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Killing Silent Spring

by Katrina Vanden Heuvel

Rachel Carson, author of Silent Spring and a seminal figure for the modern environmental movement, would have turned one hundred this past Sunday. "Carson's book altered the nature of environmentalism," is how the Washington Post described her legacy. "Previously, it had been mainly about preserving and appreciating parks and other beautiful places. But Carson's message was that all of nature should be protected, for its own sake and because people eventually would suffer if it was degraded."

"What she said was, the Earth itself needs an advocate," said Patricia M. DeMarco, Executive Director of the Rachel Carson Homestead Association.

But when Senator Ben Cardin of Maryland — where Carson was a longtime resident — tried to honor her with a Senate resolution it was blocked by Senator Tom Coburn of Oklahoma. "Rachel Carson has been an inspiration to a generation of environmentalists, scientists and biologists who made a difference and changed the irresponsible use of pesticides," Cardin said. "Honoring her 100th birthday should not be controversial. I wanted to share that with our country."

Indeed, Elizabeth Kolbert describes the magnitude of Carson's impact in The New Yorker, "As much as any book can, 'Silent Spring' changed the world by describing it. An immediate best-seller, the book launched the modern environmental movement, which, in turn, led to the creation of the Environmental Protection Agency, the passage of the Clean Air, the Clean Water, and the Endangered Species Acts, and the banning of a long list of pesticides, including dieldrin."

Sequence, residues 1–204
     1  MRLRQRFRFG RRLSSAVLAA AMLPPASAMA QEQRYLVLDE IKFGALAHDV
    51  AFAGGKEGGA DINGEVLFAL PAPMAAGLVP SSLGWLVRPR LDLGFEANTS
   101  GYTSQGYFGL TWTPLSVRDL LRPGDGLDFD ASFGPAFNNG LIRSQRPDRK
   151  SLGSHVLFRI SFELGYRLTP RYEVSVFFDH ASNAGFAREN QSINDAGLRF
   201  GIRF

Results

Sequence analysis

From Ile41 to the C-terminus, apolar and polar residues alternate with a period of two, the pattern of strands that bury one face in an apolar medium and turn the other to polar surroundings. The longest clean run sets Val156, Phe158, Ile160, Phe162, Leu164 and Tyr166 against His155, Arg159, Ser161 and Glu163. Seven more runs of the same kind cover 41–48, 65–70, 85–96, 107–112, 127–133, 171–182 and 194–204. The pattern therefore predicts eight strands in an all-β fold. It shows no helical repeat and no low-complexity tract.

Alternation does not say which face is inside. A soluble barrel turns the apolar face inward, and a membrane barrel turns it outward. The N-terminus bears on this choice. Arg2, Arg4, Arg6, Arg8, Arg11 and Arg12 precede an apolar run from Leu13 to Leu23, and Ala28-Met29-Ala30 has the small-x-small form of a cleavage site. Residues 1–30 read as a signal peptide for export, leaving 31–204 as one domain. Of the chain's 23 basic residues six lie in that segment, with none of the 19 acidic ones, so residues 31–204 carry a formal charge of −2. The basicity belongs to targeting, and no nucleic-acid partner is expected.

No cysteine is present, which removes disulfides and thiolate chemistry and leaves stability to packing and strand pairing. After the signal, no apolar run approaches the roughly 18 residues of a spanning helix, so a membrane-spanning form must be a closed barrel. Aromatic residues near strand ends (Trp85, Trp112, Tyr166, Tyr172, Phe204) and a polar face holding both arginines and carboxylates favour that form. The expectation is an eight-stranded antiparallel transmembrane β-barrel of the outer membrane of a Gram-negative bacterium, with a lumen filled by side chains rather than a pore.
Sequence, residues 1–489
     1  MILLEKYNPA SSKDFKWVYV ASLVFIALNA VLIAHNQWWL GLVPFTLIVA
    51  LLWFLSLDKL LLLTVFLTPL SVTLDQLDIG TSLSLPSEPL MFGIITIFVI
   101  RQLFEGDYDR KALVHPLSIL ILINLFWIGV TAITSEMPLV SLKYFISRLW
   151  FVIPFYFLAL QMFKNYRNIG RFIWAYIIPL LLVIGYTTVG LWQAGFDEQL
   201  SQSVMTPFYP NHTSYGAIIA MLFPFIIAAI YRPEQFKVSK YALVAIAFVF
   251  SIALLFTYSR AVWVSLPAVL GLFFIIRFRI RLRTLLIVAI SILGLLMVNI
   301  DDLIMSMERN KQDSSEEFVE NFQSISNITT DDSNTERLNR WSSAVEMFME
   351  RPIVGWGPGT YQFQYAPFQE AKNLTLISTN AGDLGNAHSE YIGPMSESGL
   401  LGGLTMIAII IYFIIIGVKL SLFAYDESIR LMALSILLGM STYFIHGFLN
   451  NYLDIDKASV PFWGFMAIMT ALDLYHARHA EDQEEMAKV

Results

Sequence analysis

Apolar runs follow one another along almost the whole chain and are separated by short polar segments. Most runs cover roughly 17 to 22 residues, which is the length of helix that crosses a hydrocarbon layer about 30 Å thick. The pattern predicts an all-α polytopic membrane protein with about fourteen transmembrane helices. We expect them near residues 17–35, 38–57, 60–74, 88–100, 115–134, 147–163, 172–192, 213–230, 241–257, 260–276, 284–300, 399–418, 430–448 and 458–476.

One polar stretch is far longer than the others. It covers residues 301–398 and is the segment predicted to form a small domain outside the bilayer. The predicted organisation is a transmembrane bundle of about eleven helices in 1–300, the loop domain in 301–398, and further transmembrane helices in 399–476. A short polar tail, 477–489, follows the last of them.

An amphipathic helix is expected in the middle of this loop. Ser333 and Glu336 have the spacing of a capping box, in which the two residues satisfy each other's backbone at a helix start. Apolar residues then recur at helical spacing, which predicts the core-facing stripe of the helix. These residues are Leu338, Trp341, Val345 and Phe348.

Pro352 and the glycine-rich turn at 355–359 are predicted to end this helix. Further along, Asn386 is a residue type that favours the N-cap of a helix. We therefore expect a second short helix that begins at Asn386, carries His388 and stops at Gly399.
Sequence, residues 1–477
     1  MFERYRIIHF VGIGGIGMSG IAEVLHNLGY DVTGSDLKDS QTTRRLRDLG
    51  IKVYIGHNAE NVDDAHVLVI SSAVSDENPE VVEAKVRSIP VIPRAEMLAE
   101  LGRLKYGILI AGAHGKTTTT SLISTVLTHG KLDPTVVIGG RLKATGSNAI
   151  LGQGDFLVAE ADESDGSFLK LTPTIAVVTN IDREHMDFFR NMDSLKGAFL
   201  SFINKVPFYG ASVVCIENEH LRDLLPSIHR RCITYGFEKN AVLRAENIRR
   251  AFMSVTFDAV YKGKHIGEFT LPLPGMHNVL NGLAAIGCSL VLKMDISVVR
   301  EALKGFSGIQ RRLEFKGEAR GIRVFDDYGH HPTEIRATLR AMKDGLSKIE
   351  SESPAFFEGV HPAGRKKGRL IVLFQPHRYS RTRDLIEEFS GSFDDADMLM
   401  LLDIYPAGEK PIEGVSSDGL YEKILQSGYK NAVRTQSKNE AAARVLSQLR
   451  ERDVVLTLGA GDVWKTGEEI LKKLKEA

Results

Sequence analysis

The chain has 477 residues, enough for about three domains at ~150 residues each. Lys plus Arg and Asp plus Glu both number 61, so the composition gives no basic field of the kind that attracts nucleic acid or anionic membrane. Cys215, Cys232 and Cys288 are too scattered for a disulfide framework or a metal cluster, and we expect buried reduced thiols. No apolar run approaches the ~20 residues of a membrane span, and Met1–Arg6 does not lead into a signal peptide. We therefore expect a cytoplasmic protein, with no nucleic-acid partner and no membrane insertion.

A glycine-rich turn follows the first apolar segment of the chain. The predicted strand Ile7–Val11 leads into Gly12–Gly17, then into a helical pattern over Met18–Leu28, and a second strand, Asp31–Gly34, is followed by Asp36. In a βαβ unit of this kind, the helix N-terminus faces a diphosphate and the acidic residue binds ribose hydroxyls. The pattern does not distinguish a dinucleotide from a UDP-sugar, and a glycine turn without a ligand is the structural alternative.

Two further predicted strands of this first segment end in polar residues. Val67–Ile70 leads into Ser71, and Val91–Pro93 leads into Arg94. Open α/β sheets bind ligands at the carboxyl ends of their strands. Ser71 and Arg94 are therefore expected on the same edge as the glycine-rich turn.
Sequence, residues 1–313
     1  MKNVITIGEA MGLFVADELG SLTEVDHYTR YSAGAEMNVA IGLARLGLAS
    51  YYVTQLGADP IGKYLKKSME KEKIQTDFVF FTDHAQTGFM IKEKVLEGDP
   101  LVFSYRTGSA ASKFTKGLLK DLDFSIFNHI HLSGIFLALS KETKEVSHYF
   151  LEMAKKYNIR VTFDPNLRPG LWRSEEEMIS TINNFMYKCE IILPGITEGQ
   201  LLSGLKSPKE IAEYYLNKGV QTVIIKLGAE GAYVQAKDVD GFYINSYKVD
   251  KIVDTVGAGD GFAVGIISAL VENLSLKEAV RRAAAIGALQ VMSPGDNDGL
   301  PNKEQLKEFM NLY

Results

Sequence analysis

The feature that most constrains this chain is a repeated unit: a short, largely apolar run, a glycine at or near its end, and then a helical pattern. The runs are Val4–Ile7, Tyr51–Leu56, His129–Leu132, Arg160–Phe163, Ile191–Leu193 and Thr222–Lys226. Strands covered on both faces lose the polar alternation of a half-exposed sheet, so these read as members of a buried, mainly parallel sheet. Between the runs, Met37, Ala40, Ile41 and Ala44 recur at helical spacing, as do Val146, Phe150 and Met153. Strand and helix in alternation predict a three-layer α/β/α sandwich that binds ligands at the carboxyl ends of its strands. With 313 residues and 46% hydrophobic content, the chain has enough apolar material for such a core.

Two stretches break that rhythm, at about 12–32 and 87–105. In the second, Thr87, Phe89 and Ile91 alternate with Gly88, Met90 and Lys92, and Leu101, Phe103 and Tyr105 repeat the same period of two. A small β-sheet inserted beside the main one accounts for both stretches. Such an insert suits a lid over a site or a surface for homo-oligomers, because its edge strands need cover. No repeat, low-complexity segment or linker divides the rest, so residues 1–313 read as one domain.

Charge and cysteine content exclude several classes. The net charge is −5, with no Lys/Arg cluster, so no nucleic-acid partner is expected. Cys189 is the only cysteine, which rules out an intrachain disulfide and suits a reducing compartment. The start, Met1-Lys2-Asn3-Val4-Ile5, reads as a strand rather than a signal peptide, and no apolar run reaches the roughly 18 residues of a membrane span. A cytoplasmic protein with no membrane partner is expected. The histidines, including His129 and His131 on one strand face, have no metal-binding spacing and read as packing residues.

But in a released statement Coburn insisted, "[Silent Spring] was the catalyst in the deadly worldwide stigmatization against insecticides, especially DDT" which is used to fight malaria. Spokesman John Hart claims that the treatment of malaria was hindered by Carson's work: "…millions of people in the developing world died because the environmental movement, inspired by Rachel Carson, created a climate of fear and hysteria about DDT."

But those who have studied Carson's work know that it is Coburn who is reacting with unfounded hysteria. In a 1964 tribute/obituary in The New Yorker, E.B. White wrote that Carson "was not a fanatic or a cultist. She was not against chemicals per se. She was against the indiscriminate use of strong, enduring poisons capable of subtle, long-term damage to plants, animals, and man...."

Linda Lear, a professor at George Washington University and a biographer of Carson, said Carson never called for a complete ban on DDT. "Carson was never against the use of DDT," Lear said. "She was against the misuse of DDT."

And Neal Fitzpatrick, Executive Director of the Audubon Naturalist Society in Maryland where Carson was a longtime board member, concurs with Lear. "Carson was not opposed to pesticide use — she was opposed to pesticide abuse," Fitzpatrick says. "And Coburn obviously never read Silent Spring. It's filled with examples of broad spraying of chemical poisons and the destructive impact on natural resources. Carson's focus on the wonder of nature is a value not shared by Coburn."

In these times, when the Bush administration muzzles scientists and caters its policies to the desires of corporate lobbyists, Rachel Carson's commitment to truth-telling and hard work in order to care for our planet needs to be fully appreciated — and revisited.

Katrina Vanden Heuvel is editor of The Nation.

© 2007 The Nation

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